When, as Orthodox Christians, we emphasize the importance of human freedom (and all the rights and privileges that we have come to expect as Americans) our concern is in defending is the ability of the soul to imitate either the Harlot or Judas. Human freedom is not for us an end in itself. It is rather for something.
The cooperation of divine and human freedom is at the heart of Holy Week. How these work together is the great mystery of salvation (Ephesians 5:32). But God respects and waits on human freedom. God waits for our response to His invitation (Revelation 3:20).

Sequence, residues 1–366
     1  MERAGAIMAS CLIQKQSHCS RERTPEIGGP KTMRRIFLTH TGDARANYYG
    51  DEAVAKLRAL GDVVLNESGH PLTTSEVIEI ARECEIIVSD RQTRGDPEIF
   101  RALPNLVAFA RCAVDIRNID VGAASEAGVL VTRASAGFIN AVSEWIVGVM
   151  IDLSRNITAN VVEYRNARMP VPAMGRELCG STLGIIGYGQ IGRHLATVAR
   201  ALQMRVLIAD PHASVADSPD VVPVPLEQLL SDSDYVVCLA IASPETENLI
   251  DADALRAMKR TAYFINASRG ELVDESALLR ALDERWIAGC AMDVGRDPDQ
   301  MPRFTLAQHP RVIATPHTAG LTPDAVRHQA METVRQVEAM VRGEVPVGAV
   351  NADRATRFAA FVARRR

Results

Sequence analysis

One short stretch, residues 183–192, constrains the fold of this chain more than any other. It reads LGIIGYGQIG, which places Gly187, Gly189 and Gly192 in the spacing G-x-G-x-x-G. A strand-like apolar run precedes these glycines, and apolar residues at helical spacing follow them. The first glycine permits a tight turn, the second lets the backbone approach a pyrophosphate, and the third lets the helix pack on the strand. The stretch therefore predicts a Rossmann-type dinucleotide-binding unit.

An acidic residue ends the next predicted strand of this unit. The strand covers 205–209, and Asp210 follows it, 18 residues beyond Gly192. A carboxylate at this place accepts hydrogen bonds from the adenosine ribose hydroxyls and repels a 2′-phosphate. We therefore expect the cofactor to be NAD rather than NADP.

Because inner freedom--what the text refers to as the ‘freedom of soul’--is what matters, I might wrongly think that political or soul freedom is unimportant.
The crowds, the high priests, Judas and the disciples all of them had the opportunity to sit and eat and drink and talk with God. And all of them allowed that opportunity to slip through their fingers because they “did not understand.”
Let us all of us then become a “good wife” by being a “good and faithful servant” who by our fidelity “over a few things” prove ourselves ready to enter “into the joy of [our] lord” in the Kingdom to come.